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books, books, and more books! > My eReader Conundrum

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message 1: by Natanya (last edited Nov 09, 2010 07:27PM) (new)

Natanya (vraisemble) | 255 comments So here's the deal. I have spent the last couple years pretty vehemently hating eReaders, but still acknowledging their convenience. I am now seriously contemplating getting one, largely because I frequently have to print out pdf readings for class, and it's a pain in the butt to print them out, but even worse to read them on my computer screen (mostly because I can't focus at all--my computer's far too distracting). However, I'm not sure if I would really use it enough to warrant buying it. I do not buy very many books to begin with (I get most from the library), and I really don't want all of the adorable used book stores to go out of business, so I would still occasionally buy books from them (but really, I currently only buy like 5-7 books a year). I'd also probably still buy the books I really love. And...I just like real books.

I've read through the eReaders thread, but a lot of it is about kindle vs. nook, which isn't an issue I've even gotten to yet. I've also done online searches, et cetera. But I'd like some specific advice, if that's alright with you guys.

So given that I would in large part be using my ereader for school, here are my questions. Obviously answer for your specific eReader (unless you know a lot about others), and let me know which one you have. If you don't have an eReader, let me know why! Feel free to direct me somewhere if you know articles/posts that address my concerns!

1. Currently, when I'm reading something for school, I fill the book with little post-it tabs so I can easily flip back through. How easy is it to flag/tag/whatever eReader pages and then return to them?

2. Do you still buy books you really want/love in real book version? Do you find that to be totally monetarily inefficient?

3. Do you still get books from the library if you did so before?

4. Have you used your eReader in class, like for an English class? If so, was your professor okay with you having it out during class?

5. Does it just provide you with even more distractions while reading, or do you feel that your read more efficiently (or the same) with it as with physical books?

6. Is it easy to store and access random documents on your ereader (like homework assignments or something)? It would be nice not to have to open my computer to refer to everything.

And here are the pro/con lists I've come up with:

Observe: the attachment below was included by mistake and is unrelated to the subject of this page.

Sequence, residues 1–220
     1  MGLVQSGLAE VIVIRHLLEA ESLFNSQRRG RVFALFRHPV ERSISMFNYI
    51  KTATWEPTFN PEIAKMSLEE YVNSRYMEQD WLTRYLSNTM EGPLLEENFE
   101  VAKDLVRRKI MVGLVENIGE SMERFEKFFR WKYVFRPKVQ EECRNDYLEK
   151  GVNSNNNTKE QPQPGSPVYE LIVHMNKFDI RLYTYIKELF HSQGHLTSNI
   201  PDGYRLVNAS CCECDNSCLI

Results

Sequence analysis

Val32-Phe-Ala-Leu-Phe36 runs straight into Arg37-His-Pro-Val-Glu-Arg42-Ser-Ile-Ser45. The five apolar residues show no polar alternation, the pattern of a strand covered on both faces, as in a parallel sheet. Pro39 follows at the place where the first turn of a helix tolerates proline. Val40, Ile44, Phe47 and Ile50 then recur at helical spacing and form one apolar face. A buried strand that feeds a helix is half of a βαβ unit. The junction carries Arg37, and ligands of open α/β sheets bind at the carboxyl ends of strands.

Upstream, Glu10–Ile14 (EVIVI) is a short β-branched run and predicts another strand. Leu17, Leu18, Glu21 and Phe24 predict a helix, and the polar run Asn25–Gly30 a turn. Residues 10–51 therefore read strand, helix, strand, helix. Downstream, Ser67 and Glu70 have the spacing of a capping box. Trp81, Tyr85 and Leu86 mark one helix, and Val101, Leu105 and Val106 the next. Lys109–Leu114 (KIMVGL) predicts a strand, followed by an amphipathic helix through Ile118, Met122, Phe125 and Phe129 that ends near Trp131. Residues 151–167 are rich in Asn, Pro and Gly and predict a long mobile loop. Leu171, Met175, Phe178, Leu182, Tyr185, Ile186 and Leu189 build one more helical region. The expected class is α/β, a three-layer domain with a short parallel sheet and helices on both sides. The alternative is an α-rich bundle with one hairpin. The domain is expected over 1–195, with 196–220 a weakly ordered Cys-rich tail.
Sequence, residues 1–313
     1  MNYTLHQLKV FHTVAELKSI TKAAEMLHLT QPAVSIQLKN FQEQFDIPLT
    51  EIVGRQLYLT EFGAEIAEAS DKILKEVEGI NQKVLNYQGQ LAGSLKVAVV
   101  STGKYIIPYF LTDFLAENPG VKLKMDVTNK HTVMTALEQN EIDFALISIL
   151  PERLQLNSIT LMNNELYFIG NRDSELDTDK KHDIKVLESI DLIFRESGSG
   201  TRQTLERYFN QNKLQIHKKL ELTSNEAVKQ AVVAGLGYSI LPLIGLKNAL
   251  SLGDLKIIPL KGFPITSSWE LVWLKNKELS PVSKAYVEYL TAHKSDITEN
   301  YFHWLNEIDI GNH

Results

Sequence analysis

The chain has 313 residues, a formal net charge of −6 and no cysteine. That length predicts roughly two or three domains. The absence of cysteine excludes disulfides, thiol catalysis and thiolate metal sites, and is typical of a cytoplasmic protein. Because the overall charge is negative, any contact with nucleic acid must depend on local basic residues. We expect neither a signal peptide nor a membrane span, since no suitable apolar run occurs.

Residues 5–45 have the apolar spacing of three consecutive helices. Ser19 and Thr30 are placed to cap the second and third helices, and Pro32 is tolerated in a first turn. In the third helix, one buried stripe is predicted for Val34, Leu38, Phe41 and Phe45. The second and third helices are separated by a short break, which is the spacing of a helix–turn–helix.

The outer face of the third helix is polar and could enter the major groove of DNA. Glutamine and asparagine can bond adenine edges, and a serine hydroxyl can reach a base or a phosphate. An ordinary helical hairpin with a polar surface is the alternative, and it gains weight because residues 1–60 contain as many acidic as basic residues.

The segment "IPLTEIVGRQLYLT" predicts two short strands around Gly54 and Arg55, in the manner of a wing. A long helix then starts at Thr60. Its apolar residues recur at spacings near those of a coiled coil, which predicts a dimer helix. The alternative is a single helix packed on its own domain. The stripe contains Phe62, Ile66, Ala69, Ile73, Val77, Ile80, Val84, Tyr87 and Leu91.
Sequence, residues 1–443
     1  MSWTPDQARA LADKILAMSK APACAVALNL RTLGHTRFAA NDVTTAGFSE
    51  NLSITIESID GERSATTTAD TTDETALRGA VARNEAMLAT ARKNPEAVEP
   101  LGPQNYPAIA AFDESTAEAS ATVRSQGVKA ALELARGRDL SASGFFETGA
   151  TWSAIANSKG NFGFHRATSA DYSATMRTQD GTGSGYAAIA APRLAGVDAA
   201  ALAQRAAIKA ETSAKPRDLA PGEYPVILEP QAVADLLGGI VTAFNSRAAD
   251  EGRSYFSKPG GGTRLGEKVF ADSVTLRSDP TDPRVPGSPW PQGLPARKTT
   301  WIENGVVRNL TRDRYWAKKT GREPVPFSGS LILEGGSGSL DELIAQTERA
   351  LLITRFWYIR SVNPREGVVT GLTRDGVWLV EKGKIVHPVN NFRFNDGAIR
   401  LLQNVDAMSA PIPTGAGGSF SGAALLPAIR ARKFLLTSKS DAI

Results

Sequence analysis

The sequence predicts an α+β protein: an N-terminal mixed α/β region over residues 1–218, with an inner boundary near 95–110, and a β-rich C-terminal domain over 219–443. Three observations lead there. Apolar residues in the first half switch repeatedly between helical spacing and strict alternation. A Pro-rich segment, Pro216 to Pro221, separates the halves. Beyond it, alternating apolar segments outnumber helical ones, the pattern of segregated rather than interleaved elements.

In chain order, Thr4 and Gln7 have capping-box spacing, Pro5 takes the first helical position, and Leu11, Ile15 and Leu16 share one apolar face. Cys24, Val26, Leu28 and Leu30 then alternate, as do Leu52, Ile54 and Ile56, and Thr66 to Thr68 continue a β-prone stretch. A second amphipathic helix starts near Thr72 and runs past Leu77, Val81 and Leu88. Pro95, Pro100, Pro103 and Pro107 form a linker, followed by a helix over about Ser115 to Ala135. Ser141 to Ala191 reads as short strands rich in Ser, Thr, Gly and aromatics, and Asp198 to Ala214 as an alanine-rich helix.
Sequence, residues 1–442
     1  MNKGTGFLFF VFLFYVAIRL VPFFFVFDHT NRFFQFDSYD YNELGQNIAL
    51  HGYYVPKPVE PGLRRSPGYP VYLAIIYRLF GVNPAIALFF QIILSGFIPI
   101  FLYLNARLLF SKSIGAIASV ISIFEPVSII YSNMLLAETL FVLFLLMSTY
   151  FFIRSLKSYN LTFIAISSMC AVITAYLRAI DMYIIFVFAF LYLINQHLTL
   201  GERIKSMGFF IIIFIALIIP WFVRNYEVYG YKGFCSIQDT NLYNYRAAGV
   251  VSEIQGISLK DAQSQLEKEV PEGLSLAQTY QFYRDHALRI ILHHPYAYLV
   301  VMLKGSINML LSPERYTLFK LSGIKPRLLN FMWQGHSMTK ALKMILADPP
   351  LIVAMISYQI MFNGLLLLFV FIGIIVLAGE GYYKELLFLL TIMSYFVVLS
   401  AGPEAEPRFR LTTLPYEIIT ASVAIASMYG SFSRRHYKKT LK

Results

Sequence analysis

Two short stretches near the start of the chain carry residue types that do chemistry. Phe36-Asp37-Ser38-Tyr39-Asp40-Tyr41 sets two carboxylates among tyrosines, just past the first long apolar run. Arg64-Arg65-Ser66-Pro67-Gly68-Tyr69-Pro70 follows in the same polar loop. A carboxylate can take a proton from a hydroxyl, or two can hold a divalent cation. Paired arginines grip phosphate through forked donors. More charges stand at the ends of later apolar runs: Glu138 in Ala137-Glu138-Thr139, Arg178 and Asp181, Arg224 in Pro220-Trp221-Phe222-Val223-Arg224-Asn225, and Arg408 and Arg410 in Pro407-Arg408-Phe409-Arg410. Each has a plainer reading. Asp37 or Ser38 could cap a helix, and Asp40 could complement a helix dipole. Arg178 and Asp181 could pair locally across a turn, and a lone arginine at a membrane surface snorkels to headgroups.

Pros
- Don't have to print out class readings/read them on my computer, which should make me more efficient (slightly less distracted), save paper, and save me a trip to the library to print the readings.
- Can look up words I don't know without having to pull out my dictionary (I've actually wanted an electronic dictionary for years...I don't have an itouch or smartphone to quickly look stuff up on while I'm reading)
- Can look up weird references I don't know on wikipedia (at least on the kindle)
- Don't have to lug so many books with me when I travel (which is relatively frequently since I'm from the west coast and go to school on the east coast)
- Can download all those free books
- My library has some ebook affiliations, so I could still get certain books from there
- Technology just makes me happy

Cons
- I <3 used bookstores. When I walk by one, I get so happy. I don't actually buy very many books from them, but I feel bad supporting the industry that's going to put them out of business in the next decade.
- Looking at the books lined up on my shelf makes me happy.
- I currently get a lot of books from the library, so I will probably continue to get them from the library because that way they're free
- Yet another piece of expensive technology to fear getting stolen

I know my pro list is longer, but my con list has some weightier points on it.

Thanks so much for bearing with me through this super long post. If you could give me any advice, I'd really appreciate it.

Lots of bookish love,
Natanya


message 2: by Natanya (last edited Nov 09, 2010 08:03PM) (new)

Natanya (vraisemble) | 255 comments Just found this anti-eReader article... http://www.pcworld.com/businesscenter...

But that's oriented toward adults with jobs and whatnot, not a college student who could actually use it for schoolwork. But it does bring up the point of being potentially even more environmentally unfriendly.


message 3: by Anna (new)

Anna Shumaker (annashu) I have a Kindle2 and have had it for about 2 years now I guess. I used to hate the idea of an e-reader but I am fully converted now.

1. Not sure if it would be super efficient for things like that, but it is really easy to highlight things and then look back at what you highlighted

2. I sometimes buy an extra copy but just for books that I would really like to have in the future, and feel that my future library would be lacking. Still kinda cheaper since if the book is a new release you can read it immediately without having to pay big bucks or wait for library

3. I never really got books from the library but I still do buy books from used bookstores when I see they are cheaper than e-book would be. I never pay more than $10 for a book and it is great.

4. I haven't but I'd assume it would be similar to people who use lap tops in class

5. I think it makes me read even more efficiently somehow. Maybe I'm crazy but sometimes I read in weird positions that make turning pages hard or hold the book awkward but it isn't really a problem with e-readers

6. Again I've never used it for this but they claim it is doable so I don't know.